A Muslim friend of mine reached out to me recently with a question he’d been struggling with; does vaping break Wudu? Now I had no idea what (or who!) Wudu was, but I promised him I’d do a bit of research and find out!
Well I did the research (even reaching out to a Muslim scholar!) – gave him the answer and promised I would follow up with a brief post on my findings about whether vaping can break Wudu for our Muslim readers! And here we are…
The use of e-cigarette devices containing Nicotine is considered Haram and therefore prohibited in Islam. However, smoking or vaping will not break the Wudu (ablution). This is because there is a clear list of nullifiers of Wudu and none of these occur through the action of smoking or vaping.
So at face value, despite vaping a device containing Nicotine (or other harmful substances) being considered Haram, the actual act of vaping or smoking itself doesn’t break the Wudu.
We’ll dive into much more detail below.
BUT I want to preface this post by stating I am not a Muslim and my knowledge of the Islamic faith is limited. I am a vaping enthusiast and this post is not intended as a substitute for religious authorities, I am simply offering my opinion based on my research for those who are interested in this topic.
Please let me know in the comments if you feel I have misrepresented or misunderstood anything.
But enough of that, let’s get stuck in!
What exactly is Wudu?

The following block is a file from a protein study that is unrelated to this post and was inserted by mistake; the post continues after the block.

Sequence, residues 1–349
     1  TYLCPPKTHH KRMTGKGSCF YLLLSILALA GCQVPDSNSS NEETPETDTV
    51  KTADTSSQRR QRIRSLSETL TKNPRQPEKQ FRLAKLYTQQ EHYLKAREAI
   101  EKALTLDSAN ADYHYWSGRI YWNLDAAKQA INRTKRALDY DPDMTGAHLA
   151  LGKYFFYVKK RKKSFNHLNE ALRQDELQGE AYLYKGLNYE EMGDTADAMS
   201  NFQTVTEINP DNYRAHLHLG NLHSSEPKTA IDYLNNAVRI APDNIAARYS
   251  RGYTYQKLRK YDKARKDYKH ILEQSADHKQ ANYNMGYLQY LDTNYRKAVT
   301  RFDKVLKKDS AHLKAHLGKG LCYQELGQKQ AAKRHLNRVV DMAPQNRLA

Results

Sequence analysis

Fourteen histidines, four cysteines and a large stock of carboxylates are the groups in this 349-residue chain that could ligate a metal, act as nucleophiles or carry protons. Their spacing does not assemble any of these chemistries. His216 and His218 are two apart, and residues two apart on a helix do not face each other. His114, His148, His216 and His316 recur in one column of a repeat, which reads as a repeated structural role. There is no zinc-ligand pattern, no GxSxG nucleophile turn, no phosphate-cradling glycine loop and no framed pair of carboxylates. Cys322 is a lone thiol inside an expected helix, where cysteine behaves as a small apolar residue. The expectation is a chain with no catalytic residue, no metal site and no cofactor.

( Wudu ) (Arabic: الوضوء al Wudu ) is the Islamic ritual of washing, specifically before Salah (prayer). In general terms, think of this as a ritual purification or cleansing oneself before presenting yourself to God or reading the Quran.
Qur’an 2:222 “For God loves those who turn to Him constantly and He loves those who keep themselves pure and clean.” The Islamic prophet Muhammad is credited as having stated that “Cleanliness is half of faith.”
Wudu is governed by fiqh (Islamic Jurisprudence) with specific rules regarding hygiene and the rituals required. It usually involves washing the mouth, arms, feet, hands, head, nose, and other body parts with pure water.
Overall in Islam, there are three types of ablution:
Fard Wudu is not optional and must be completed before performing any prayer.
Wajib (not obligatory)
Wajib Wudu is optional and only required in certain circumstances if the individual is able to do them. An example of a situation in which Wajib Wudu would be required is the Hajj pilgrimage, during which a believer would circle the Holy Kaaba and require specific ritual cleansing in order to do so.
The third and final type of Wudu is Mandub; specific cleaning procedures performed before handling certain Islamic scriptural texts.
However, it appears the Mandub Wudu also often refers to cleansing performed before sleep. Please leave a comment below if this is something you can clarify.
As you can see, Wudu is the act of cleansing yourself before approaching God, reading the Quran etc. So before we can work out whether vaping could potentially nullify the cleansing, we need to look at whether vaping is even permitted in the Islamic faith.